My first trip to Curvexpo was pretty good. Most of the brands were only too happy to chat with the press (Claudette, Curvy Kate, and Le Mystere especially), though some were less than friendly. Panache USA was oddly eager to get rid of me even though there were three reps sitting at the booth doing absolutely nothing. In Part 1 of this post, I’m going to focus on trends I gleaned from the show; in Part 2, I answer some of the specific questions we received in the comments here on Hourglassy. There’s even a Part 3 for a blast of an attitude that will—hopefully—soon be far in the past.

Part 1: Trends for D+ and -28

First off, I was shocked by the number of manufacturers whose bras go up to an F or G cup. I was expecting to find only the usual suspects offering anything above D, but I was pleasantly surprised! Though F and G really aren’t that big a cup size in the grand scheme of things (especially when you’re talking sub-36 bands), it tells me

  • manufacturers are finally recognizing that the alphabet does not stop at D (or DDD),
  • that those letters are not set in stone (but rather, are contingent upon the band number), and
  • that sizes beyond D are something that consumers are making clear they want to buy.

Likewise, I was also pleasantly surprised by how many brands offer 30 bands, or are at least testing it out with one or two models. We’re still a long way away from regular 28 bands, much less 26 or 24, but even an increase in 30 bands proves that manufacturers are finally recognizing the need for an expanded size range.

In fact, while some manufacturers told me they have never received feedback from customers or retailers asking for smaller bands (a Betsey Johnson intimates rep said there are no plans to expand the size range because “the ones we have work so well” [that would be 32+ and no bigger than DDD]), there are store owners who are in tune with their customers and are paying attention. At the Bra La Mode inaugural Intimate Affair on January 29, for example, Bra*Tenders owner Alan Kaplan commented on the large number of women with 28 backs that they fit. And at Curve, one highly respected Manhattan storeowner told Darlene, “Whenever I see 28’s, I buy them. It is the most underserved market.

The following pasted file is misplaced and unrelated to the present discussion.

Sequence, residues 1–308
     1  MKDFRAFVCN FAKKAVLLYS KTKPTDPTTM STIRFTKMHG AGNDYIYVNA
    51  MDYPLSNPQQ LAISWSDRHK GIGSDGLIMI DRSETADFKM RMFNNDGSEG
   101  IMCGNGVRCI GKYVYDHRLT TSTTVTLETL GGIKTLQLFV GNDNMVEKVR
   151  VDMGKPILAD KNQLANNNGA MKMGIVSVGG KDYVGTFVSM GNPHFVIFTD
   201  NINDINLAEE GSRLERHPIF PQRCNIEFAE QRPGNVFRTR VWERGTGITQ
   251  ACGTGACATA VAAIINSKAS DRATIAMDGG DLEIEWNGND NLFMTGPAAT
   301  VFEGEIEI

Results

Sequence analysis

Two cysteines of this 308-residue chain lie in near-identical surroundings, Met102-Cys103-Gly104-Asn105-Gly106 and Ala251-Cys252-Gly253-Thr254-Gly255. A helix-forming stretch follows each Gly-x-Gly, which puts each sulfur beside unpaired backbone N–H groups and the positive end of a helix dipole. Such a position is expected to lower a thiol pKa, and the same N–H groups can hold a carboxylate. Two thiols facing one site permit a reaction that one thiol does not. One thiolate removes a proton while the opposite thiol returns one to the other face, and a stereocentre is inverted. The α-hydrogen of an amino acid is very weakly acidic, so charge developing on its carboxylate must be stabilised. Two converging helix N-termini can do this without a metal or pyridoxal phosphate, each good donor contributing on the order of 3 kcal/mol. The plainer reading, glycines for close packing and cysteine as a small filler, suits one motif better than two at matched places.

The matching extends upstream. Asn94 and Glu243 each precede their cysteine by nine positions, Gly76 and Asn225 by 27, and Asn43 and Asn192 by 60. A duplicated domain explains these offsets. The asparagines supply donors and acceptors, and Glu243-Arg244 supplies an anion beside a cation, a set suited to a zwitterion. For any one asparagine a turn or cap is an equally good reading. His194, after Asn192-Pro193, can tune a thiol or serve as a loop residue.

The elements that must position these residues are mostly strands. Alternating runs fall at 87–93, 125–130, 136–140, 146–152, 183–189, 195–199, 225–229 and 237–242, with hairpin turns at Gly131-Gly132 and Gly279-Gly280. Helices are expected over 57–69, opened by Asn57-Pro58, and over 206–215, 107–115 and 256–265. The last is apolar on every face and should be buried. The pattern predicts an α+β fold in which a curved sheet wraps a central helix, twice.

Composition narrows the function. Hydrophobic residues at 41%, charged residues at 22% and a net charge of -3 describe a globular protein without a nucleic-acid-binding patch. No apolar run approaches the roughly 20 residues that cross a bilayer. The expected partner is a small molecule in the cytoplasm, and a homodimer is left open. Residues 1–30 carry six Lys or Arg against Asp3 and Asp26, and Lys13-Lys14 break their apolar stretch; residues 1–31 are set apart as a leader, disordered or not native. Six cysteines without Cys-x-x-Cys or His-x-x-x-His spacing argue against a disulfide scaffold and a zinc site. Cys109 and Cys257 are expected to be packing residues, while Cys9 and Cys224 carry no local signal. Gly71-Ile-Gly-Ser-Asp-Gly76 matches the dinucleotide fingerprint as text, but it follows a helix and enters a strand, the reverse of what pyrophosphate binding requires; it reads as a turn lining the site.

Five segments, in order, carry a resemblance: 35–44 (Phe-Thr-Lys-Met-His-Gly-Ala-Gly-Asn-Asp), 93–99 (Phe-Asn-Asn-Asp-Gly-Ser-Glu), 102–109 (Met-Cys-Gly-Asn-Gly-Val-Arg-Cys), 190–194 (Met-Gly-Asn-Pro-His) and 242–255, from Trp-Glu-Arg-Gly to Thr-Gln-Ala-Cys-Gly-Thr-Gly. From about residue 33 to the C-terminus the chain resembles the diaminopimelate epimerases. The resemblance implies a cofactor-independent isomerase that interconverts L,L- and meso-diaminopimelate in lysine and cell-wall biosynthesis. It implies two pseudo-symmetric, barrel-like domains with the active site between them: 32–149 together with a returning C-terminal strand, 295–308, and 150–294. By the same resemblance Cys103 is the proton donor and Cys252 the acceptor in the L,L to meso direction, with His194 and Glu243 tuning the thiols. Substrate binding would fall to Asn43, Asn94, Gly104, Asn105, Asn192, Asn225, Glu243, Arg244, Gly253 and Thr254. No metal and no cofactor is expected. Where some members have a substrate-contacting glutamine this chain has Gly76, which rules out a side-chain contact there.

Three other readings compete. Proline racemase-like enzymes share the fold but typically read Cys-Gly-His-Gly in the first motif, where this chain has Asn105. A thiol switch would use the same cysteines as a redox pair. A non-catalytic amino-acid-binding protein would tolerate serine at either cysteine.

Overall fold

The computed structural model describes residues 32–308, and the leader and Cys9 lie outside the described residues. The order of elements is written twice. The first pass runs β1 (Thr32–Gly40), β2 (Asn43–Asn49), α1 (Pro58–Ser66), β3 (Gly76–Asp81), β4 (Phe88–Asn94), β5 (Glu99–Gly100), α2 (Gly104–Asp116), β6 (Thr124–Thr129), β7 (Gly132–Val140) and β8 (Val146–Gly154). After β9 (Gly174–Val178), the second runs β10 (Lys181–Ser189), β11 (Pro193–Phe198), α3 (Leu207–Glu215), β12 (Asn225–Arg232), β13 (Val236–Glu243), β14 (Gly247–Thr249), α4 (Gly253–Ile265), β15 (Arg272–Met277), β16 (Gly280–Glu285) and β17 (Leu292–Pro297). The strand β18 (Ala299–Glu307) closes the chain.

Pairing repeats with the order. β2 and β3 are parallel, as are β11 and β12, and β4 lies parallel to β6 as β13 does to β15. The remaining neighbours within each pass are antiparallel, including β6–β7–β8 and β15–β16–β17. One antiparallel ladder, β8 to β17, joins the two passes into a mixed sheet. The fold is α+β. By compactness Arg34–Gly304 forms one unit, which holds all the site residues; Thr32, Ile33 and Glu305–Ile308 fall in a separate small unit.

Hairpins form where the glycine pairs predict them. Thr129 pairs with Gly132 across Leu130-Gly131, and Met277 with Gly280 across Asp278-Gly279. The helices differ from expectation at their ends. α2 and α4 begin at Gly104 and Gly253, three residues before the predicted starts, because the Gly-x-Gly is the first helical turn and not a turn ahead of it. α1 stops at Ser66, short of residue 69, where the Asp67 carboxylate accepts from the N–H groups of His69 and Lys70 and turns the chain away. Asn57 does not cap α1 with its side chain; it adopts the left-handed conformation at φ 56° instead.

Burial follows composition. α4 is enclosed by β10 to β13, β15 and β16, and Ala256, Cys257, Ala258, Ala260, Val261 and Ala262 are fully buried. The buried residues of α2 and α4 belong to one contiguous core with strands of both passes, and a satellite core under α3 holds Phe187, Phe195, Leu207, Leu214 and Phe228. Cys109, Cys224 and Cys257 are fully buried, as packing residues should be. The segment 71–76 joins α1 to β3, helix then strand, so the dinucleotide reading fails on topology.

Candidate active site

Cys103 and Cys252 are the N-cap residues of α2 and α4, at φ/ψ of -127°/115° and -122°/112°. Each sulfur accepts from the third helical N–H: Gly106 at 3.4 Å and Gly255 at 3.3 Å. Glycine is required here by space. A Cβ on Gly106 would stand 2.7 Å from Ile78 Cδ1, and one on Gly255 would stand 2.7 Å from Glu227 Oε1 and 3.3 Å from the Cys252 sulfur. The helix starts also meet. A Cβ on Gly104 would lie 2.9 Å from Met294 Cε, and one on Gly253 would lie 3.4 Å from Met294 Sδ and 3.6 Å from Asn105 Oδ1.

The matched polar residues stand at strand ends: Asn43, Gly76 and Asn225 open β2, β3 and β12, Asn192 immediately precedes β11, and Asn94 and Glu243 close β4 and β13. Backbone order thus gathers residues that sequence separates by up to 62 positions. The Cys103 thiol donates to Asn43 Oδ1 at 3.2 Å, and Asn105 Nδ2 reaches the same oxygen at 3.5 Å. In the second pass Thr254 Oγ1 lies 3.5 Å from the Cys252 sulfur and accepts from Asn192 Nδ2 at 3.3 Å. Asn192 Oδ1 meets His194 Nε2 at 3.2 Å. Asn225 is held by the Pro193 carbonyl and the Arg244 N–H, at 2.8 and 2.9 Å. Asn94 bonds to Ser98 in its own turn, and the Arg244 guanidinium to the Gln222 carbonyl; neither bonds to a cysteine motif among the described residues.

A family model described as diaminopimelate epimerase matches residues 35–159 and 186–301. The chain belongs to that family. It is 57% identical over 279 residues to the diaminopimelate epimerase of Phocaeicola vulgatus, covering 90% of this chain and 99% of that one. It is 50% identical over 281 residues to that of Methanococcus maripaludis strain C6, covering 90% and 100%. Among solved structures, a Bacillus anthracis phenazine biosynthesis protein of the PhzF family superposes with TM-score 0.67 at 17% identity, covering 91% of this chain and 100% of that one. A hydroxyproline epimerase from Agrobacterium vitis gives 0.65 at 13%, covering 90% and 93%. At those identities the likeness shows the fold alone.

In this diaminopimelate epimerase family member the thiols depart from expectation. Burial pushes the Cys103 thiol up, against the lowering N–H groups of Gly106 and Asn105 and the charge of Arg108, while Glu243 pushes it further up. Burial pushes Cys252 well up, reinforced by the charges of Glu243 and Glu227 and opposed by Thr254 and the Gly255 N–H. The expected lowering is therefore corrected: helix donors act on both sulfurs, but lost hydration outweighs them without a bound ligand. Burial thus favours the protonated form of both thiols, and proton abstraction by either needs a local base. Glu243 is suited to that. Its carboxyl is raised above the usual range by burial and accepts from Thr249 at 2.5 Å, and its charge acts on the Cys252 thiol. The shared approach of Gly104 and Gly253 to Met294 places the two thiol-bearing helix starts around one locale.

This is a long and photo-heavy post, so click below to read the rest…

Here are the brands I discovered that offer sub-32 bands and/or DDD+ cups:

Sub-32 & DDD+

Mimi Holliday 28-40 AA-GG. Features fabulous bright colors and delicate lace.

Addiction Nouvelle Lingerie 30-42 A-F. Simple, elegant design. I loved this royal blue bra.

Valery 30-40 A-E. Really stunning, boudoir-style intimates with a distinctly retro feel.

Being U 28-46 D-H. Nude bras for women of color, plus some nice brights with an awesome photorealistic feather print. Read more below.

Next season’s new feather colorway. Loooooove it!

[un: usual]
30-44 B-H. A German brand with cute basics that have great sophisticated details. Check out the feather in the gore on this one.

Le Mystere 30-44 A-H. Limited 30s. Basic bras with really special details. They had an amazing low-backed bustier-style strapless (the Soiree). Would be so perfect for backless dresses. But starts at a 32 band, sadly (goes up to a G cup, though!).

Love love love the lace back! This one has a front closure.

Prima Donna and Marie Jo 30+ and up to G. They wouldn’t let me photograph anything.

Undressed by Marlies Dekkers
30+ and up to F. These were fabulous. Such interesting design and bright colors. Unfortunately, only one bra goes down to 30 and it comes in black and tan only. But if the 30 sells well enough, they’ll start offering more. Buy buy buy!

So many colors and interesting strap decorations!

Why why why can’t these come in smaller bands???

The singular 30 band. BORING! Even their maternity bra was more interesting than this. It was black, but it had the fun straps criss-crossing over the cleavage.

Anita Active 30-40 B-H. Cute sports bras. The one on the mannequin really caught my eye, but it only starts at 32. One model comes in 30, and the rep I spoke with said the brand is “trending more and more to 30 bands.”

The 30 band. At least it’s silver and not boring black!

Kris Line 28-50 A-N. Best find of the day! Read more below.

True Intimates 32-40 AA-F. Nudes in six shades and lots of different styles. Read more below.

Blush 32-38 A-F. They had a display of beautiful jewel green bras with black lace overlay (sorry, no photos).

32-38 A-G. French lingerie (sorry, no photos).